Rae A. Stonehouse is a Canadian born author & speaker. His professional career as a Registered Nurse working predominantly in psychiatry/mental health, has spanned four decades.
Rae has embraced the principal of CANI (Constant and Never-ending Improvement) as promoted by thought leaders such as Tony Robbins and brings that philosophy to each of his publications and presentations.
Rae has dedicated the latter segment of his journey through life to overcoming his personal inhibitions. As a 20+ year member of Toastmasters International he has systematically built his self-confidence and communicating ability. He is passionate about sharing his lessons with his readers and listeners. His publications thus far are of the self-help, self-improvement genre and systematically offer valuable sage advice on a specific topic.
His writing style can be described as being conversational. As an author Rae strives to have a one-to-one conversation with each of his readers, very much like having your own personal self-development coach. Rae is known for having a wry sense of humour that features in his publications.
Author of Self-Help Downloadable E-Books:
Power Networking for Shy People: Tips & Techniques for Moving from Shy to Sly!
PROtect Yourself! Empowering Tips & Techniques for Personal Safety: A Practical Violence Prevention Manual for Healthcare Workers.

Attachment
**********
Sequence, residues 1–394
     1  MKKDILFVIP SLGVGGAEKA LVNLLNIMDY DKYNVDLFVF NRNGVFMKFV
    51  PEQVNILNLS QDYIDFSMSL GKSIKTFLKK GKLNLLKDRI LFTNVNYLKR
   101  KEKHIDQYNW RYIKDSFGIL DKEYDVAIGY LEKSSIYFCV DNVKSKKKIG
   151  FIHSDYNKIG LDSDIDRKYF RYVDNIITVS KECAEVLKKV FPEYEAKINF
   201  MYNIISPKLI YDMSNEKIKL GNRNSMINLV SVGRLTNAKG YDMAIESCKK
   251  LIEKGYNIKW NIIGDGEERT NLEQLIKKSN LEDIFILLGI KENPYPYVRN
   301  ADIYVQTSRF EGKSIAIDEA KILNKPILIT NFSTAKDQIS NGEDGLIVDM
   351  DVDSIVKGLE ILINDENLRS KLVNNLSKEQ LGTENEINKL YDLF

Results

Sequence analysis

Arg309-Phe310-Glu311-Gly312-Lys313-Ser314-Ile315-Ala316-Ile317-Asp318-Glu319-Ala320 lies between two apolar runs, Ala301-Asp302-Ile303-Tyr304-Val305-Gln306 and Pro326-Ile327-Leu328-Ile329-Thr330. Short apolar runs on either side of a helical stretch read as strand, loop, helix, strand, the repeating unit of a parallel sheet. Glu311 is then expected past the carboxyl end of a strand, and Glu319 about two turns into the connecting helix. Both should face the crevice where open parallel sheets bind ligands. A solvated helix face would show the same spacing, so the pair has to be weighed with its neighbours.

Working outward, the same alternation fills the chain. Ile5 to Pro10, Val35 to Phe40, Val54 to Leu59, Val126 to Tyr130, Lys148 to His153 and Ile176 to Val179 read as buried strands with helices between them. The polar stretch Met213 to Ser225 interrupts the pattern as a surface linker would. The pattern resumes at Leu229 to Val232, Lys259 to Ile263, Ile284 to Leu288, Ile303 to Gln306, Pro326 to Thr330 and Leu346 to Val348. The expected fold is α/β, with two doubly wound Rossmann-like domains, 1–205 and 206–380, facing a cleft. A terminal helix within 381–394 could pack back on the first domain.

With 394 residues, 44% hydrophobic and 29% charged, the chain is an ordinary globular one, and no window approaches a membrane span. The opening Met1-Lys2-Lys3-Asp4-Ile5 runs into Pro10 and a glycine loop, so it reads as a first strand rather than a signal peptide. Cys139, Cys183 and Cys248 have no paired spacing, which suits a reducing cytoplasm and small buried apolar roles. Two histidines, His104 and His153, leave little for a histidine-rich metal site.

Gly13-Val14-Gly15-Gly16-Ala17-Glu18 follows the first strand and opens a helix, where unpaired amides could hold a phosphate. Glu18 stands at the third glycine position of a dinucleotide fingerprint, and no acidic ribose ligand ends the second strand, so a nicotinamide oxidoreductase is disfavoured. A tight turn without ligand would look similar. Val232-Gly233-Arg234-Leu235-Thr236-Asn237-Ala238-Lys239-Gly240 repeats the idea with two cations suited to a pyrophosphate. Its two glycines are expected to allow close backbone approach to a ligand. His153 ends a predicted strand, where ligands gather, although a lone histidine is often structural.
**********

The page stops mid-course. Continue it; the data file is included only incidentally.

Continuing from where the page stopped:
E=Emcee Squared: Tips & Techniques to Becoming a Dynamic Master of Ceremonies.
Power of Promotion: On-line Marketing for Toastmasters Club Growth
Rae’s social … are you?
Linkedin? Rae is http://www.linkedin.com/in/raestonehouse
Copyright 2015 Rae Stonehouse. The above document may be freely copied and distributed as long as the author’s name and contact info remain attached.
To learn more about Rae A. Stonehouse, visit the Wonderful World of Rae Stonehouse at http://raestonehouse.com.
A rat looked through a crack in the wall to see the farmer and his wife opening a package. What food might it contain? He was aghast to discover that it was a rat trap. Retreating to the farmyard the rat proclaimed the warning;
"There is a rat trap in the house, a rat trap in the house!"
Hot sun. Salty air. Rhythmic waves.
A little boy is on his knees scooping and packing the sand with plastic shovels into a bright blue bucket.
Then he upends the bucket on the surface and lifts it. And, to the delight of the little architect, a castle tower is created.
All afternoon he will work. Spooning out the moat. Packing the walls. Bottle tops will be sentries. Popsicle sticks will be bridges. A sand-castle will be built.
Big city. Busy streets. Rumbling traffic.
A man is in his office. At his desk he shuffles papers into stacks and delegates assignments. He cradles the phone on his shoulder and punches the keyboard with his fingers. Numbers are juggled and contracts are signed and much to the delight of the man, a profit is made.
I don’t think putting all of my businesses logo is a good idea. But without any brand, how I determined my title? Or should I put a picture of me?
I agree with John Lombard’s well written answer. I would go with having several cards created to reflect whatever business you are promoting at the time.
I too face similar challenges with being a serial entrepreneur. I joke that my title is ‘serial entrepreneur’ because until I actually make any money at it … I eat a lot of cereal!